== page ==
Industry Canada loan was considered “government assistance”
Businesses can claim substantial investment tax credits for “scientific research and experimental development” (SR&ED) that is done in areas of technological uncertainty. However, the credits are reduced where the business has received “government assistance”, such as a grant to fund the SR&ED work.
In the recent CAE Inc. case, CAE received a large loan from Industry Canada to help fund a particular technology development project. The loan was made over a five-year period, and was repayable over 15 years with an effective interest rate of 2.7% (substantially lower than the 7.15% CAE was paying to private lenders). The loan also had some features that a private lender would not require, such as requiring the work to be done in Canada, and restricting CAE from selling the resulting technology.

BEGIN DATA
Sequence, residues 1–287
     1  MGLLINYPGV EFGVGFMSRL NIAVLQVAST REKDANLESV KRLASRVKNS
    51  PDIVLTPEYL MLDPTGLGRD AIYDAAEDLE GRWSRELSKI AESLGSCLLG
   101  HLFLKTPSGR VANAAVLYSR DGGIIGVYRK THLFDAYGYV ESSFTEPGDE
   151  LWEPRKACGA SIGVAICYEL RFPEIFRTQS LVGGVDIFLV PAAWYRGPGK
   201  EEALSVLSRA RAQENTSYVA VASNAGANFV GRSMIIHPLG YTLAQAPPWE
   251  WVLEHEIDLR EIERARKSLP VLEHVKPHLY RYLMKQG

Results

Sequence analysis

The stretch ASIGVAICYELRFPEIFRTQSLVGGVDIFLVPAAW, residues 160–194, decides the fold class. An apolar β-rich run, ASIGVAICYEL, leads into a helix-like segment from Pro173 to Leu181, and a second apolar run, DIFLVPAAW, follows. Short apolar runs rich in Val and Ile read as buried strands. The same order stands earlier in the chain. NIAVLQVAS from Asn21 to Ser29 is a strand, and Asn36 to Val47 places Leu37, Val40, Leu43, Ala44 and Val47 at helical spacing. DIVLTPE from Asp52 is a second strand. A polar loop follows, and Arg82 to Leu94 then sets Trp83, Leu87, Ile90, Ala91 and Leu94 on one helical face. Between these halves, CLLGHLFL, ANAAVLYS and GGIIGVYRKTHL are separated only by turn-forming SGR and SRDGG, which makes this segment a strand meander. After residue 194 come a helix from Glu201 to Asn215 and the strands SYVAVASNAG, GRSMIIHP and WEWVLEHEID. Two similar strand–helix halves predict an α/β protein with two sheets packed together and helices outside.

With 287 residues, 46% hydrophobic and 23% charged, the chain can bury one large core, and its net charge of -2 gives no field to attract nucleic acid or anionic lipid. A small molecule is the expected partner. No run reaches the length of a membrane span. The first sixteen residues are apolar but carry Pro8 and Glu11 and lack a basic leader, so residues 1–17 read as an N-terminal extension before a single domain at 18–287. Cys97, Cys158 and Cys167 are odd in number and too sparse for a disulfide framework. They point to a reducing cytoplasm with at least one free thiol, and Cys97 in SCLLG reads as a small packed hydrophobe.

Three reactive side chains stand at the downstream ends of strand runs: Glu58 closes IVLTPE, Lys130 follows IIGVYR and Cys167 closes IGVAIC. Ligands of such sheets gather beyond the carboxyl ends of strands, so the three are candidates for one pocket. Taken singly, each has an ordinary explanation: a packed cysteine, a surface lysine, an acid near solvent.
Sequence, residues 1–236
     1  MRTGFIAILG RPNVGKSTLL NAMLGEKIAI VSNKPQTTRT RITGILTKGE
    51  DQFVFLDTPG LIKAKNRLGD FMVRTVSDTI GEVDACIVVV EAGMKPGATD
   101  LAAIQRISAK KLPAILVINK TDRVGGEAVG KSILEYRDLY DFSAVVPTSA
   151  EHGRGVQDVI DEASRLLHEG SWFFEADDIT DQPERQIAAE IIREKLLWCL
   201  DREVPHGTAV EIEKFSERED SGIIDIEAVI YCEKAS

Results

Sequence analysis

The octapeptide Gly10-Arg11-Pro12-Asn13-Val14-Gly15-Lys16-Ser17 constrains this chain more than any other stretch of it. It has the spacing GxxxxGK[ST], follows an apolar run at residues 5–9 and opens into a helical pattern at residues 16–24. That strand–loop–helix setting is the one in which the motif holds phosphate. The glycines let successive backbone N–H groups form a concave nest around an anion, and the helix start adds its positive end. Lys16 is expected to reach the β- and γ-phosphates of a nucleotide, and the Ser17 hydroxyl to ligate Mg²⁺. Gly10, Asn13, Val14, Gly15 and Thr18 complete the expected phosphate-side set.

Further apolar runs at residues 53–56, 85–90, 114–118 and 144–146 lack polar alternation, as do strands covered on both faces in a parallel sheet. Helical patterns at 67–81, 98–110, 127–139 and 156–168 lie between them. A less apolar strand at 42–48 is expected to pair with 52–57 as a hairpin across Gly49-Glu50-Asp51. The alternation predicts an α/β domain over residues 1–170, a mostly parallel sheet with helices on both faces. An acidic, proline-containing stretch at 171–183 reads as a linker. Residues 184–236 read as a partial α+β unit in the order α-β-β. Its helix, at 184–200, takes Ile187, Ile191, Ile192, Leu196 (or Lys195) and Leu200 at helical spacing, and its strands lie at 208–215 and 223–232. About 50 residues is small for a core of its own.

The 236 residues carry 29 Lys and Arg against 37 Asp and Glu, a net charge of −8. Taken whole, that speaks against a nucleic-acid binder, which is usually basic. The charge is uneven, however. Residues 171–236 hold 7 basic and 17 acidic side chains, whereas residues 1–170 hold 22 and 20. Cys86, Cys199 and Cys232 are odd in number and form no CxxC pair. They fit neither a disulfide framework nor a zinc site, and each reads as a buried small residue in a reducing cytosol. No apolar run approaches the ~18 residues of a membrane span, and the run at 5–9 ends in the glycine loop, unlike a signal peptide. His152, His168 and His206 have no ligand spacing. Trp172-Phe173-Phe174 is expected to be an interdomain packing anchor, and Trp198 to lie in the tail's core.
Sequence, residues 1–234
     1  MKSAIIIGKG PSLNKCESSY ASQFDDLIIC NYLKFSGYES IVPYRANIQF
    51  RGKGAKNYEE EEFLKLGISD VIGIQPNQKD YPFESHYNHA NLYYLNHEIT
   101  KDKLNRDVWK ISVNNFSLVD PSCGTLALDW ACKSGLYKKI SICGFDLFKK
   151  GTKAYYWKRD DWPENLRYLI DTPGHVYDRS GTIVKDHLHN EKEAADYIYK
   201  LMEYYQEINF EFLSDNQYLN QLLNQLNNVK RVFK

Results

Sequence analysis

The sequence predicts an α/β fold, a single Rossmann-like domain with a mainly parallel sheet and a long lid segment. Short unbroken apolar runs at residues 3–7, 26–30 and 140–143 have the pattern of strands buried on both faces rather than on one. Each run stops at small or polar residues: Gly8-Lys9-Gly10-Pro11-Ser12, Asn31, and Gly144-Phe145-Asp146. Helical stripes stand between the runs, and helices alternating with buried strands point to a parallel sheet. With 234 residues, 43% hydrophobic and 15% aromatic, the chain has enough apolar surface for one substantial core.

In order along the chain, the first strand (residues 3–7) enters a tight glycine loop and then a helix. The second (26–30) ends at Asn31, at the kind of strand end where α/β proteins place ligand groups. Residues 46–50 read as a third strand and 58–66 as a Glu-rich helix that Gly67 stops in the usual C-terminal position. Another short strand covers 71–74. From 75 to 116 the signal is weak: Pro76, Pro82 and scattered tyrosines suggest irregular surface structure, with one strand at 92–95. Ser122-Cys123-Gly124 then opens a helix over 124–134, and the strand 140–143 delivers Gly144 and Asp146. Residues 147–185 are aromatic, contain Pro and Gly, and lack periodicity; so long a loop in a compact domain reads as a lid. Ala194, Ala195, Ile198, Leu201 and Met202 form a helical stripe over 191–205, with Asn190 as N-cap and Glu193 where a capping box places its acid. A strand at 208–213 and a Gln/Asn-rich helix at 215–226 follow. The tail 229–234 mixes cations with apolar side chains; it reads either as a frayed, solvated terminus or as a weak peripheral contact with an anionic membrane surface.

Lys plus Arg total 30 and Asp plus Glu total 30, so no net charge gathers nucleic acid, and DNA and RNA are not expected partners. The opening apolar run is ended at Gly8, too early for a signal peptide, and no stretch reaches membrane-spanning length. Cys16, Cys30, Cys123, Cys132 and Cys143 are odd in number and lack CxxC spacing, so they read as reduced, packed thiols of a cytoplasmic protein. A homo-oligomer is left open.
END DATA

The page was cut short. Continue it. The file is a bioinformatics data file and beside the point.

The CRA assessed CAE to reduce its investment tax credits and to include part of the loan in CAE’s income, on the basis that the loan was “government assistance”. CAE appealed to the Tax Court of Canada, arguing that a loan that was always going to be repaid in full was not “government assistance”.
The Tax Court agreed with the CRA and dismissed CAE’s appeal. Based on previous case law, any loan that was not done in the same way as a normal commercial loan could be considered “government assistance”.
CAE has appealed this decision to the Federal Court of Appeal. If the decision is upheld, it will be a reminder to all businesses that get government loans on favourable terms that there may be negative tax consequences to receiving the loan, even if the loan bears interest and is repayable.